Wall Street ended just shy of records on Tuesday as a collapse in crude oil prices limited upward momentum.
The S&P 500 climbed 0.13%, ending less than 10 points from its record close set last Friday. The Dow Jones Industrial Average added 0.12%, 30 points from its Friday all-time high. The Nasdaq increased 0.21%, coming off of session highs that notched new all-time intraday records. Broad gains were seen across the majority of sectors, aside from energy and basic materials.
Oil prices slumped on Tuesday as doubts rose over whether major oil producers can agree to a production cut. Reports emerged Tuesday morning that Iran's oil minister, Bijan Namdar Zanganeh, had ruled out cuts from the world's sixth-largest producer. Iran had recently argued that Organization of Petroleum Exporting Countries that had increased production in recent months should be responsible for the bulk of production cuts.
This is just another wrench in the works for a possible OPEC agreement. Russia's oil minister reportedly won't attend an Organization of Petroleum Exporting Countries meeting on Wednesday, a day after Saudi Arabia's oil minister, Khalid Al-Falih, expressed his own doubts over the outcome. Al-Falih suggested OPEC should let demand drive prices rather than a production cut.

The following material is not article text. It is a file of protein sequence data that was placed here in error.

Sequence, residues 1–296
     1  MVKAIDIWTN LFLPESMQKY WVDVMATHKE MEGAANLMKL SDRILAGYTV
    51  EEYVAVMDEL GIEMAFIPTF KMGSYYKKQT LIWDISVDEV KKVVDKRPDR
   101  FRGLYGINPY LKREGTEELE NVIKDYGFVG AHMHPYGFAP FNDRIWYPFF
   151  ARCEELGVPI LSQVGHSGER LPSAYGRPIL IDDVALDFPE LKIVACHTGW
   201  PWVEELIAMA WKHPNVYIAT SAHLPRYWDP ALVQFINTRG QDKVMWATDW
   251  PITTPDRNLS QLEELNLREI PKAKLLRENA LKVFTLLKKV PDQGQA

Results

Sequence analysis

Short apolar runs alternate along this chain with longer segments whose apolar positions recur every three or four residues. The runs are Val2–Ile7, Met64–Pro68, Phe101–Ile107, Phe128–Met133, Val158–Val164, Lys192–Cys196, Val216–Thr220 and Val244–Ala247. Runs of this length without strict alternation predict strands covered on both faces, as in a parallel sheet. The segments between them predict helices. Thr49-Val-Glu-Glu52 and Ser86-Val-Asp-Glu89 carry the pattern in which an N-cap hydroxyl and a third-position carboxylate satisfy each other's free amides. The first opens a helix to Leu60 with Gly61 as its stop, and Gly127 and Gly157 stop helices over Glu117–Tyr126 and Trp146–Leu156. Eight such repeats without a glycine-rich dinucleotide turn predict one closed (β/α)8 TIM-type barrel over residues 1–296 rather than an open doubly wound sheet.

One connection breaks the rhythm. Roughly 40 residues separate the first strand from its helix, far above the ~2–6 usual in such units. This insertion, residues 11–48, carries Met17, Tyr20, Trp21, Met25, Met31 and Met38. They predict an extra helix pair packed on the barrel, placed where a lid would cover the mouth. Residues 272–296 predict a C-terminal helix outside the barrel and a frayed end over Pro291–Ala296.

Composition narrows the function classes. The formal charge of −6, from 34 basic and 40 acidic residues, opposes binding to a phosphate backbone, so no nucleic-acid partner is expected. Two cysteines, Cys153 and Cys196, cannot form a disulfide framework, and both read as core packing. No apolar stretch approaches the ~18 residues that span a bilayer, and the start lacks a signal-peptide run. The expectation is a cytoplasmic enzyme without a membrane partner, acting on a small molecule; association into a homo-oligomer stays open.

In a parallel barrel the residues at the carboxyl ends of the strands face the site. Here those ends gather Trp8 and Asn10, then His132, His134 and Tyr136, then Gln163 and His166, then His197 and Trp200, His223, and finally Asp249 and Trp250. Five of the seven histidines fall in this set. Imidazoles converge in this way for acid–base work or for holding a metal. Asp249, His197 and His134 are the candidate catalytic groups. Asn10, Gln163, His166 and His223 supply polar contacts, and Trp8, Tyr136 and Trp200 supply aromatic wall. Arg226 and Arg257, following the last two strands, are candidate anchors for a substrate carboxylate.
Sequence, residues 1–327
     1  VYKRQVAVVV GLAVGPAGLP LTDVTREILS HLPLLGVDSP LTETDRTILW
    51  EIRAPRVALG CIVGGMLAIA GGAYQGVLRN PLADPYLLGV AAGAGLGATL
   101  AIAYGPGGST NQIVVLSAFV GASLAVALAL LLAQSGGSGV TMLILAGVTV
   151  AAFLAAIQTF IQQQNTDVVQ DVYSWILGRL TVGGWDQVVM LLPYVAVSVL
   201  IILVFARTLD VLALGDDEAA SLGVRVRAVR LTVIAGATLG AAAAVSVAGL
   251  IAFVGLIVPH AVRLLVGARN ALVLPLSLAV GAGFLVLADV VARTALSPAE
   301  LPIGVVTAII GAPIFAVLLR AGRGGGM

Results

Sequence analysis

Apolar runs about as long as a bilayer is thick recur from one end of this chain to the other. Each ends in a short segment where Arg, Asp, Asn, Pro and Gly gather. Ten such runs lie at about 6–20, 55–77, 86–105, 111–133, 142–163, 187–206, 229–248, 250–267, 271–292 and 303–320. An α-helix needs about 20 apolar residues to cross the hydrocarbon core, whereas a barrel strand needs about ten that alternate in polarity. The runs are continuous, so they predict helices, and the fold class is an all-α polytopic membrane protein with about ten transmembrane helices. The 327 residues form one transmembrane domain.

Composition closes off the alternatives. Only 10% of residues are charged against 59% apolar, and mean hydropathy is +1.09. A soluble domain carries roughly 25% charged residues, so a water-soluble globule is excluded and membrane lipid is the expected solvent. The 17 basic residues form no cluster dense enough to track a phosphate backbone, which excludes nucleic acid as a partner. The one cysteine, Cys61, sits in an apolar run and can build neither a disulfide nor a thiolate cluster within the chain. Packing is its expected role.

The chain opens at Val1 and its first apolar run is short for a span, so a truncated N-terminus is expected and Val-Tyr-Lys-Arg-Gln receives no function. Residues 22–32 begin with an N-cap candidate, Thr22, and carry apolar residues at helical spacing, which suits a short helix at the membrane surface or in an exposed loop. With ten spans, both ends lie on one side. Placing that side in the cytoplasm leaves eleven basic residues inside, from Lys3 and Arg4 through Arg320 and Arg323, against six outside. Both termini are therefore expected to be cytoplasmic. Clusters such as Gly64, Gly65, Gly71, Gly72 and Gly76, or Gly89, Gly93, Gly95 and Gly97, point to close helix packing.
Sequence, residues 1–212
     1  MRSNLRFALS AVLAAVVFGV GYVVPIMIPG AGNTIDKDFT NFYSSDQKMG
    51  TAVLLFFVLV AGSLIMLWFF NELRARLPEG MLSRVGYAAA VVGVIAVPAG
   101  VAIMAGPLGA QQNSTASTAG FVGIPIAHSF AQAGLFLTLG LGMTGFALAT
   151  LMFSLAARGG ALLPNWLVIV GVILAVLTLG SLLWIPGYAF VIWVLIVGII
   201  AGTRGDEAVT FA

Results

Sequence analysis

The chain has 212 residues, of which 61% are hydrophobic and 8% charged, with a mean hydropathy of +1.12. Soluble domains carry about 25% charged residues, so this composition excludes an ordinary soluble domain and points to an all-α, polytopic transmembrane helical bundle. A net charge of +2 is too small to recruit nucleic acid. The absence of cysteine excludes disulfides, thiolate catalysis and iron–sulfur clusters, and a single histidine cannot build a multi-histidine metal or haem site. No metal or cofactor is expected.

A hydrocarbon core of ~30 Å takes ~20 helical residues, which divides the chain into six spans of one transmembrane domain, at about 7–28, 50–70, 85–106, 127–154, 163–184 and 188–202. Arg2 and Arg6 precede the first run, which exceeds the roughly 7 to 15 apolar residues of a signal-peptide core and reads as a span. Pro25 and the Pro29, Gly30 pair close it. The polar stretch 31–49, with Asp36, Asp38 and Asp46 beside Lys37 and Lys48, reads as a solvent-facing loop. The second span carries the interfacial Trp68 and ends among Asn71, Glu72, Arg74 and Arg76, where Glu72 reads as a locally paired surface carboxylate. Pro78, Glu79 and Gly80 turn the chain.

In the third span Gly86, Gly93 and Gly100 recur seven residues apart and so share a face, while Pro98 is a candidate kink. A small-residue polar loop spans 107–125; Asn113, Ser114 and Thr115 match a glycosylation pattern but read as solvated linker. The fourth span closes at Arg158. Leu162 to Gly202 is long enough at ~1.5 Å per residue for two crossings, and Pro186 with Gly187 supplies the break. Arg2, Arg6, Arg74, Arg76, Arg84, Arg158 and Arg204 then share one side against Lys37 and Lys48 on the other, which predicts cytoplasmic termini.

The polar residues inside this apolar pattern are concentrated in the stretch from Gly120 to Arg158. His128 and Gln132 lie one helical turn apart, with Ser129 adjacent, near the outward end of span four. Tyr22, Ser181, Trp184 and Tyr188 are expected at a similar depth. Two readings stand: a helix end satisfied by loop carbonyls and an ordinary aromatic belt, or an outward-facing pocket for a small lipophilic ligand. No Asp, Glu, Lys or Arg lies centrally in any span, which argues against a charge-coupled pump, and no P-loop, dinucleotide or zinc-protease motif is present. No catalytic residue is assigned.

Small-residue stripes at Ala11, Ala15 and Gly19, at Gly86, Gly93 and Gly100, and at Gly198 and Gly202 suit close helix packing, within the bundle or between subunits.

OPEC aims to limit production to 32.5 million to 33 million barrels a day, though some members are reportedly hesitant to cede market share. The bloc pumped a record 33.83 million barrels a day of oil last month.
"OPEC may yet reach some step toward reining in excess supply, but it looks as though it will be a weak, unhappy compromise rather than a clear assertion of control over the balance in the global petroleum market," Tim Evans, energy futures specialist at Citi, wrote in a note.